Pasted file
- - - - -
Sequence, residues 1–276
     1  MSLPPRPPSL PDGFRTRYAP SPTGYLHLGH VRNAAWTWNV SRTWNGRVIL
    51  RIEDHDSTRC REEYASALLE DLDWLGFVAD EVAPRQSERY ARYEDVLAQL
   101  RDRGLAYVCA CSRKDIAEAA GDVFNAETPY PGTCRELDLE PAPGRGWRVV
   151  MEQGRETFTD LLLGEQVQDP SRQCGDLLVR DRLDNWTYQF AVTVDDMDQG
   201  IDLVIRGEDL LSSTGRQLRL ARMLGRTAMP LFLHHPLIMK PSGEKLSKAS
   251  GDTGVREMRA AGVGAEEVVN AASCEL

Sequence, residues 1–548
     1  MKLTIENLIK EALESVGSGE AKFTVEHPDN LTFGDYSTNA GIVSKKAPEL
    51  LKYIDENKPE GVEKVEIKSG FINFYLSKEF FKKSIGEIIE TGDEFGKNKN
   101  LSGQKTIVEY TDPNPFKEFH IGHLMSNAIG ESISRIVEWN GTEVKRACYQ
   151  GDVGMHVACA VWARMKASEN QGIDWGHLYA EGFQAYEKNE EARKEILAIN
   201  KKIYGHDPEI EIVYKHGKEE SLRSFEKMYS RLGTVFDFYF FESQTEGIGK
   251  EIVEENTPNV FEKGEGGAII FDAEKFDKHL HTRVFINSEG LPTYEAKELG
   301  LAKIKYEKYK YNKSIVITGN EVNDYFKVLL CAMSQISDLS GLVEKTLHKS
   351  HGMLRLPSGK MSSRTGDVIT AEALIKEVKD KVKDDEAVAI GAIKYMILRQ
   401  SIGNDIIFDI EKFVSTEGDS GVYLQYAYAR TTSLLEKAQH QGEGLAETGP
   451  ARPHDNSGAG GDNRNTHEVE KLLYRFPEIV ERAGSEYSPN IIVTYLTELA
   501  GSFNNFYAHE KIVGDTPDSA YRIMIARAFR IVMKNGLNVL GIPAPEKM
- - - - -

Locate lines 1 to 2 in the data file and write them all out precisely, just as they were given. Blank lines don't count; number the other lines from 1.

Sequence, residues 1–276
     1  MSLPPRPPSL PDGFRTRYAP SPTGYLHLGH VRNAAWTWNV SRTWNGRVIL